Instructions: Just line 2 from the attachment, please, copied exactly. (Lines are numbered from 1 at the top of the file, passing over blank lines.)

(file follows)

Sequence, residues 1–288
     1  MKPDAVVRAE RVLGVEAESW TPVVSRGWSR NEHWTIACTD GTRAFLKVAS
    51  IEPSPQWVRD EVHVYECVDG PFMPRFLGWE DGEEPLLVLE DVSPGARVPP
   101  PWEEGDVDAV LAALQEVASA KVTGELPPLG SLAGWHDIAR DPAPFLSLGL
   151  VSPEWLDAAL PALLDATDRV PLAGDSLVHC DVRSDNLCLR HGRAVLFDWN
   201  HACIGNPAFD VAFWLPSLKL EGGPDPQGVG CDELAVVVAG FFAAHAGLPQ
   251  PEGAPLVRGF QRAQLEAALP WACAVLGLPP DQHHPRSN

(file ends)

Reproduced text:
     1  MKPDAVVRAE RVLGVEAESW TPVVSRGWSR NEHWTIACTD GTRAFLKVAS